One of the core pillars of relationships is communication. By communicating in a clear, assertive way, partners can openly discuss their needs within the relationship, which can result in a more meaningful and fulfilling connection.
In conflict, it’s all too easy to slip into passive, aggressive, or passive-aggressive communication styles. Here are some examples of the ways that these communication styles might look in a situation of wanting help cleaning up the house before a dinner party, compared to an assertive communication style:
- Passive: “Oh, you must be busy with something else, no worries, I’ll clean up the apartment by myself. Seriously, it’s fine, I don’t mind doing it!”
- Aggressive: “Wait, you’re just going to sit there? Wow. I need your help to clean up and you’re going to make me do all of the work. This is so typical of you.”
- Passive-aggressive: “Just me, over here, doing all of the work. Again. No, no, no, I don’t want your help. Probably better that I just do it by myself, like I do everything else around here.”
- Assertive: “Hey, I know that you’re a bit busy right now, but I need your help to clean up before our party tonight. Would you mind dusting while I vacuum? It would be good if we can share the load evenly.”
Finding a way to maintain a healthy dialogue that is open, vulnerable, and honest is the best way to work through conflict and to build a strong relationship. This includes being transparent about what you’re thinking and being considerate in the way that you make requests or suggestions. It’s also important to note that someone’s environment can reinforce communication styles in relationships. For example, gendered or cultural expectations or technology based communication can normalize certain communication patterns.
How are communication styles used in the workplace?
Because we spend so much time of our lives at work, having an assertive communication style can be a huge benefit to you — and to your colleagues. When there is an outcome or deliverable on the line, conflict can become even more detrimental to one’s mental health. By talking openly and vulnerably about the work, including ideas, teams can collaborate more freely. They’ll also feel more fulfilled in their work.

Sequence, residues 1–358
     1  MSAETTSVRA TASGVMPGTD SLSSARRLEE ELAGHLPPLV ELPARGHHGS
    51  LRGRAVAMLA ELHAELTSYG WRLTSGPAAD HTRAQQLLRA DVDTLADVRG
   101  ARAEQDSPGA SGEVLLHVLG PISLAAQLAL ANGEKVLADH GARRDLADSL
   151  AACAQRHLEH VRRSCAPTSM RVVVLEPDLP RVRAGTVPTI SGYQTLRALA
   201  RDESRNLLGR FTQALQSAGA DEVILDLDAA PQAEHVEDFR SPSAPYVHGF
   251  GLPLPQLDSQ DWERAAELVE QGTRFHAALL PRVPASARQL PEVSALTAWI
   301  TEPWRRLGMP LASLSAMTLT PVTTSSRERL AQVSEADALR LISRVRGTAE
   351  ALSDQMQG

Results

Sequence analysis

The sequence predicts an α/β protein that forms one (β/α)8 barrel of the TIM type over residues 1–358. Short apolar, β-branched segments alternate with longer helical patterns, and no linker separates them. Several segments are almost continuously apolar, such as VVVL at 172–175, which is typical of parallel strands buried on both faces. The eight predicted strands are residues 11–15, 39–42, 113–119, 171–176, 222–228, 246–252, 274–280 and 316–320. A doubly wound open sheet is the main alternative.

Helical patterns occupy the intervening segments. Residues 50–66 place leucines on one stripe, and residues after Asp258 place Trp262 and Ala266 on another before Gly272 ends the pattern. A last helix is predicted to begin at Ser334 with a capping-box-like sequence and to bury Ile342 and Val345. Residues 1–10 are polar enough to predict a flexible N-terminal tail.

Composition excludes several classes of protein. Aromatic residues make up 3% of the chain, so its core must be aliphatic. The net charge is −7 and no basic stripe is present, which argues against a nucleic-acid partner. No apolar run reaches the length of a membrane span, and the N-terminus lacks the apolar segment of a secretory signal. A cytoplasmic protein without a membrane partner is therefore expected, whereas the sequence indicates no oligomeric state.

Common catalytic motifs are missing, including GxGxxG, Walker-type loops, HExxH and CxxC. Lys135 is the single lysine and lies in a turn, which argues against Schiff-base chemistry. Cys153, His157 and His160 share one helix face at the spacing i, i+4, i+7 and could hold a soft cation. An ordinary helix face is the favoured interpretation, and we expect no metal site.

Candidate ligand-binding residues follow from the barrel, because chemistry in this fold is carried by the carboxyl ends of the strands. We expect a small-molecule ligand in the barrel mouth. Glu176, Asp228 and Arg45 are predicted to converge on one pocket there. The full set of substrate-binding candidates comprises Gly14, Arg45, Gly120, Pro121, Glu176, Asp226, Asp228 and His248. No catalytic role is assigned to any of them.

Communication between a manager and an employee can become strained in times of conflict. Maintaining an assertive communication style means that both parties can set boundaries and talk openly about how to reach middle ground. Managers especially benefit from communication training, as much of their work is communicating with their team towards a central goal.
How can therapy help with my communication style?
Therapy is a great tool to use when attempting to improve your communication style. You can unpack your current communication style, including its origins, and talk about past experiences with miscommunications or conflict, and examine where communication styles clashed. Your therapist can also help you practice healthy communication, as well as support you to set healthy boundaries with others.
“Knowing you are a passive communicator can lead to seeking strategies to be more assertive, which will improve access to needs and goals, improving self-esteem, mood, and relationships. Depending on your communication style, you may be seeing impacts such as burnout from lack of expressing needs, ruptures in relationships from overly expressing them at the expense of others, or feeling unbalanced or physically stressed — and understanding why that is can help you manage,” says Okolie.
A therapist can help you gain confidence to be assertive, work through those feelings of burnout and manage fragile relationships.
Many types of therapists specialize in helping clients with their communication styles and communication issues. You can even filter by specialty, including communication issues, to find a therapist to help you connect with others in vulnerable, healthy ways.